Bradbourne Carriage Driving Club

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For Sale

Horse pair competition carriage, a strong and well made Renee Schoop carriage with adjustable suspension, delayed steering, front and rear disc brakes, shafts and pole.

This carriage has an adjustable drivers seat and front grooms seat as well as two rear grooms seats. It is in good condition with a few scuffs suitable for 14.2hh to 16.1hh depending on size as a single or pairs carriage. (Shafts and bar included ) Been stored under cover not sure of weight but probably around 300kg +

Has only been used for exercise and I'm now looking for 3 phase carriage. Excellent marathon carriage for pair or single horse(es)

To Fit: 14.2hh to 16.2hh

Location: Chelmsford Essex
Contact: Sue Green
Phone: 01245 465436
Mobile: 07884 395331
Email:Description: Email Address




British Carriagedriving answers to FAQs on body protectors

Back/body protectors: Chris Smith, Chairman of the BC Rules Committee notes the following:

The position is that for next season rule 928.2.1 will be amended to say:-

"Athletes and grooms must wear securely fastened protective headgear on the marathon. Athletes and grooms must wear a suitable back/body protector on the marathon. Infringement will incur Elimination. Any athlete/groom who continues on the course without a hard had after elimination is Disqualified.
See attached Notes for Guidance"

The Notes for Guidance which will be attached have not yet been finalised, but they will be along the following lines:-

"British Carriagedriving considers that it is the responsibility of each Athlete and their Groom(s) to determine what form of back/body protection is most suitable for them, taking into account the risks inherent in the marathon competition and the characteristics of their turnout including size, shape and experience.
The following are not, however, considered to be suitable and do not comply with the requirement of article 928.2.2:

a. Any back or body protector that has not been certified as being suitable for use in equestrian sports or another sport or activity which, in the opinion of the Athlete/Groom, involves comparable or equivalent risks;

b. An air jacket unless worn with an additional back/body protector which is suitable."

Some useful answers to FAQs:

a. Can a club choose to opt out of this rule? Chris replies: As to opting out of the new rule, the position is that the rule will apply at any event run in accordance with BC's rules. BC cannot force any club to adopt our rules, but our expectation is that affiliated clubs will do so. I am not aware of any clubs opting out.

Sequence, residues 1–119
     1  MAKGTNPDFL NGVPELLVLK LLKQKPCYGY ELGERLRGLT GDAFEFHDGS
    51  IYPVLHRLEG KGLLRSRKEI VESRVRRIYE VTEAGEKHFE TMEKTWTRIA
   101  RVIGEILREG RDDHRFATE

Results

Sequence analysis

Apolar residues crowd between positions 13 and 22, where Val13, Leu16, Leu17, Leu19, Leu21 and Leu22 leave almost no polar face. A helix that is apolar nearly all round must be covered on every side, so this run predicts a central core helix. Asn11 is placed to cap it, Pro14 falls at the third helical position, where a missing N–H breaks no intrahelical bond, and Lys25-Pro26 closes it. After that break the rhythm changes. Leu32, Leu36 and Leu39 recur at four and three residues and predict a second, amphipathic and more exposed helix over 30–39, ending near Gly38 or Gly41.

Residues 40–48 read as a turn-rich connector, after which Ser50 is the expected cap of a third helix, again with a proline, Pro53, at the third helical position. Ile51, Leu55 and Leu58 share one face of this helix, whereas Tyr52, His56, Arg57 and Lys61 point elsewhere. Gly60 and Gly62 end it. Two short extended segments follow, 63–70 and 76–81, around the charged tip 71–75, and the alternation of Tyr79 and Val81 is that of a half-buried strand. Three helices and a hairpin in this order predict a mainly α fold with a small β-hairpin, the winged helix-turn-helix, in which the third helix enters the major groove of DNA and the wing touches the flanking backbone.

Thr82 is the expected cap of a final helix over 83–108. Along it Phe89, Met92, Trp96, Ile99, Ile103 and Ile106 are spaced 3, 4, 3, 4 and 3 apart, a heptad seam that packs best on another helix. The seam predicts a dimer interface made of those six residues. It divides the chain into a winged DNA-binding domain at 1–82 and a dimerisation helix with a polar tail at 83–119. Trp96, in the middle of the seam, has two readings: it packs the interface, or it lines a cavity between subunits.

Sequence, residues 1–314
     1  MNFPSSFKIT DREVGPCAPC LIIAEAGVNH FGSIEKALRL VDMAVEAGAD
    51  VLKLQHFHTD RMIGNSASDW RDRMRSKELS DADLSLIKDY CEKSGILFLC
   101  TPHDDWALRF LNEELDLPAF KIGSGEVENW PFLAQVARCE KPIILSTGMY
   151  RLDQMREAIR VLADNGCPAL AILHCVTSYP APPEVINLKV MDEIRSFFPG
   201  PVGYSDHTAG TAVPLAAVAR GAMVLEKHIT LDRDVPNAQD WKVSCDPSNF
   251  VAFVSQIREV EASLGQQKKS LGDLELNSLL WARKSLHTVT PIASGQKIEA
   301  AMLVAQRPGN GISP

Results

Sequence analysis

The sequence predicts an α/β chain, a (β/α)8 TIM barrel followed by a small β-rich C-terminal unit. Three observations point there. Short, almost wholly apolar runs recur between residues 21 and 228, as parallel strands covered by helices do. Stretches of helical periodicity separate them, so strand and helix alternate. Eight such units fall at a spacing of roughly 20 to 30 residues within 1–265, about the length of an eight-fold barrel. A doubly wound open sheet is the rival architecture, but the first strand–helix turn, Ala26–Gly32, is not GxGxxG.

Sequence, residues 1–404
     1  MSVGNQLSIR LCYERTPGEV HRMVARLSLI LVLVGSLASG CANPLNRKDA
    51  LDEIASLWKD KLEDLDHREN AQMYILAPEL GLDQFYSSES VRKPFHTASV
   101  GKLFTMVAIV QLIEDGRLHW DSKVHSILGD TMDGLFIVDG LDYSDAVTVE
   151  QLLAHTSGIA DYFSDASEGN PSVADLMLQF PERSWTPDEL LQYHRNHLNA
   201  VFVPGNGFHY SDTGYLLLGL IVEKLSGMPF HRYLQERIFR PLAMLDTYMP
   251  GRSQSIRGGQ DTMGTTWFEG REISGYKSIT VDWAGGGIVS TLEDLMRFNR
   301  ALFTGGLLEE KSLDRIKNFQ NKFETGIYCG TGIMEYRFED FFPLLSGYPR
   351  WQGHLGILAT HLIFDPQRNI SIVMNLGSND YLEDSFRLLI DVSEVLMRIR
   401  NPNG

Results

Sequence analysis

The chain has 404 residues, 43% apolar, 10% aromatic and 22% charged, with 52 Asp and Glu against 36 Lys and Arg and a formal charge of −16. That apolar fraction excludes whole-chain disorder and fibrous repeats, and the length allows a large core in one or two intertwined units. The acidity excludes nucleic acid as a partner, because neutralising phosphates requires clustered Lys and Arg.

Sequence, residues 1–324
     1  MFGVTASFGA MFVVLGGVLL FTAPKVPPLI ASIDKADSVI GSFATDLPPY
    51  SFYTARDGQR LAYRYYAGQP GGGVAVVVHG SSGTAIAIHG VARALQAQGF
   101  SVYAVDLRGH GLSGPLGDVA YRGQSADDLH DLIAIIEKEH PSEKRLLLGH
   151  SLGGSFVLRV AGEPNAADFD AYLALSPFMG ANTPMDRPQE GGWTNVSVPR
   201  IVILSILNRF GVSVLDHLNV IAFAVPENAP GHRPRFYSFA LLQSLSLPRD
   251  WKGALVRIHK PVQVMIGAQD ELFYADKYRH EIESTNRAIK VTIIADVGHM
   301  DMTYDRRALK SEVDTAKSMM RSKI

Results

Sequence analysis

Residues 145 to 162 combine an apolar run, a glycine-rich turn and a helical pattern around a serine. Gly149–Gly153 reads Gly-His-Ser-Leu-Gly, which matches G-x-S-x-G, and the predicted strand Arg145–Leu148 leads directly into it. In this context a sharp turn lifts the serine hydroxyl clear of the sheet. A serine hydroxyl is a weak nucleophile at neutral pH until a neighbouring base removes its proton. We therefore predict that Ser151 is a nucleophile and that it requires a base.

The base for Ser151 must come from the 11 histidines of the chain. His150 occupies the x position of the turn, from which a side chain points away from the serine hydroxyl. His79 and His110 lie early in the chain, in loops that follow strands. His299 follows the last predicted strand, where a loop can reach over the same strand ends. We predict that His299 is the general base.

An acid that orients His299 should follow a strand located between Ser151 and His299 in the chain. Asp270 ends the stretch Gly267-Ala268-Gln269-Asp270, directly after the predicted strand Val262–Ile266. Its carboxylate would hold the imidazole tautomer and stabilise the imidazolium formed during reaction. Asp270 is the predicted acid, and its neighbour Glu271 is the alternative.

b. What is the position of the insurers on this issue? Chris replies: I have had a lengthy meeting with our insurance broker and he advises that our insurers would have the same expectation. In addition it is a condition of the insurance that that the assured (i.e. the club or the driver) shall "take reasonable care to prevent accidents". Whilst BC cannot give legal advice in relation to the insurance there is an obvious risk that if you chose not to implement the new rule this might be viewed as a breach of the insurance condition.

c. Some members have indicated they are happy to sign a disclaimer to avoid wearing a back/body protector. Can our club accept this? Chris replies: I am afraid that BC cannot give legal advice about allowing a competitor to sign a disclaimer but (i) if you run an event to our rules I do not see how a competitor can opt out of certain rules – and if they do not comply with art 928.2.2 they are eliminated (and other competitors would be entitled to insist on this) and (ii) if you allowed a competitor to opt out and they had an accident this might be a breach of the conditions of the insurance.

d. Members ask us what is the best garment to buy. What advice can we give them? It is, as will be set out in the notes, for each athlete and their groom to decide what is suitable for their turnout. The new rules limit themselves to identifying what is not suitable, which is anything that has not been type tested and certified for use in equestrian sports or some sport or activity with equivalent risks. This will, for example, permit those drivers who use back protectors which have been certified for use in motorcycling or skiing to continue to do so. It will not permit two sheets of cardboard tied on with string.

e. Do our members need to wear a back/body protector for a pleasure drive? The rule applies at all events run in accordance with BC rules, but only to the marathon phase. For indoor events run under the IHDT rules their rule 2.4.11 requires back/body protectors in all phases. If you run an event that does not have a marathon as such, the rule will not apply. If you run an event with a quasi marathon (e.g. a pleasure drive with some obstacles along the way) I would, however, strongly recommend that you carry out a proper risk assessment and decide whether to apply rule 928.2.2 to that event.






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